That attitudefiltered down to the Cowboys' locker room. "As Tom Landry used to say, 'Youcan get away with [certain behavior] and play in the National Football League,but you can't get away with that and be a Dallas Cowboy,'" says formerDallas running back Calvin Hill. "It planted a seed in me. If you were aDallas Cowboy, you had to be exceptional." And for that, the rest of leaguehated them.
By the 1980s, withLandry and Gibbs in place, Bill Parcells coaching the Giants and Dick Vermeiland, later, Buddy Ryan in Philadelphia, the rivalries were well established—andall but interchangeable. In some cases personal style stoked the flames. In allcases, dominating the line of scrimmage was the means of survival.
"We would playWashington, and they'd call it the body-bag game," says former Giantslinebacker Carl Banks. "Then we'd play Philly, and they'd call that thebody-bag game. We knew that if we didn't go out and get them, they'd get us. Noone was left standing with a full roster when the game was over."
Theismann likes tobreak down the NFC teams by fan base, giving highest marks—naturally—to theRedskins for the almost collegiate atmosphere at home games. He's less gushingabout the other three. The Cowboys: "Their fans treat the games like asocial outing. 'Hmm, what jersey am I going to wear...the blue one, the whiteone or the pink one?'" The Giants: "Loud and almost obnoxious. Theywould harass you. You wanted to smile, but you couldn't let them see that. Ihated that place." The Eagles: "Downright cruel. Any stadium that had ajail in it, that says all you need to know."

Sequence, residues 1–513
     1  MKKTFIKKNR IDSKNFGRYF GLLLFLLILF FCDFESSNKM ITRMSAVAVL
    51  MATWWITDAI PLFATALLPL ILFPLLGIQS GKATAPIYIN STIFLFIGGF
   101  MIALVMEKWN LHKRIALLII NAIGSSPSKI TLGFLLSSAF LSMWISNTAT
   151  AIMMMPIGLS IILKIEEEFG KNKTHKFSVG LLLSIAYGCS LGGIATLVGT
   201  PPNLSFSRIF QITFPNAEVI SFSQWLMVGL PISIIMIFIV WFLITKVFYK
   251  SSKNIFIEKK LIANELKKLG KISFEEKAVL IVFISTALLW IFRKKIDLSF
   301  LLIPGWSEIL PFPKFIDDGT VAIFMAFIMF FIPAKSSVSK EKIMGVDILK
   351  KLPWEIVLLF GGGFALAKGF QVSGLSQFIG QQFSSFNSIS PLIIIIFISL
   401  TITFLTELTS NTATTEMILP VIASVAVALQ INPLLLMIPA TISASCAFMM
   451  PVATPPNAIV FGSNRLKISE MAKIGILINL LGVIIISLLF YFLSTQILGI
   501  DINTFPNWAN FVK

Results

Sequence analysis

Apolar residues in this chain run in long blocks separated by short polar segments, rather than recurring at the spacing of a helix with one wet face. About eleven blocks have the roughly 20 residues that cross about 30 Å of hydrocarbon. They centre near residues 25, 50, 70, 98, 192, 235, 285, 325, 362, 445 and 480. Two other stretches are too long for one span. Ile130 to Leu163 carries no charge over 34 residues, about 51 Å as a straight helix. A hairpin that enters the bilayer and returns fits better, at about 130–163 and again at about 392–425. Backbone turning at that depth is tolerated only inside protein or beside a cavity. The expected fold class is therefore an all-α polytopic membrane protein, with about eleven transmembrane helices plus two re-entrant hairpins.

THEISMANN SAYS aday rarely goes by that a stranger doesn't ask him how his leg is holding up.Two years after winning the league's Most Valuable Player award in 1983, he wasdropping back to pass against the Giants in a Monday Night Football game whenthe force of a Lawrence Taylor tackle snapped the bones in his right leg. Hisfractured tibia protruded through his sock. Few plays have so vividly capturedthe toughness of the NFC East.
For 20 yearsTheismann refused to watch the tape. Then, in 2005, he sat down with a New YorkTimes reporter to see it for the first time. "The first thing that wentthrough my mind was, My God, you can hear the break," he said. "Thesecond thing was, Thank God we didn't have the camera angles we havetoday."
Theismann seesTaylor once a year, usually at a golf tournament in Lake Tahoe, but the injuryis a topic they've broached only once, in 1986, a year after the incident.Theismann had retired; Taylor was still playing. "LT, we're going to beconnected for the rest of our lives through my injury," Theismann says hetold Taylor. "We know how it affected my life. It ended my career. Did itaffect you? And he says, 'Joe, the one thing I learned that night was that nomatter how great you are, it can be over in an instant. You can't take a playor one minute for granted.'"
That could serveas the code of the NFC East, where every yard is contested and every hitcarries conviction. In 2008 a team that survives the gantlet of the NFL's bestdivision will emerge battle-tested for the postseason. "The thing I see inthe division today is the same thing I saw 10, 20, 30 years ago," saysTheismann. "Notice has been served again."
"We'd play Washington, and they'd call it theBODY-BAG GAME," says Banks. "Then we'd play Philly, and they'd callthat the body-bag game."